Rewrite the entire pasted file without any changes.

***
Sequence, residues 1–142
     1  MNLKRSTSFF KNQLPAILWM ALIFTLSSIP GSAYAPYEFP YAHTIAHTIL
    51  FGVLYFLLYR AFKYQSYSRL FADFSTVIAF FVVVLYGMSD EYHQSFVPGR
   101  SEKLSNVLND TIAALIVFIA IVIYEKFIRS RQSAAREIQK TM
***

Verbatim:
Sequence, residues 1–142
     1  MNLKRSTSFF KNQLPAILWM ALIFTLSSIP GSAYAPYEFP YAHTIAHTIL
    51  FGVLYFLLYR AFKYQSYSRL FADFSTVIAF FVVVLYGMSD EYHQSFVPGR
   101  SEKLSNVLND TIAALIVFIA IVIYEKFIRS RQSAAREIQK TM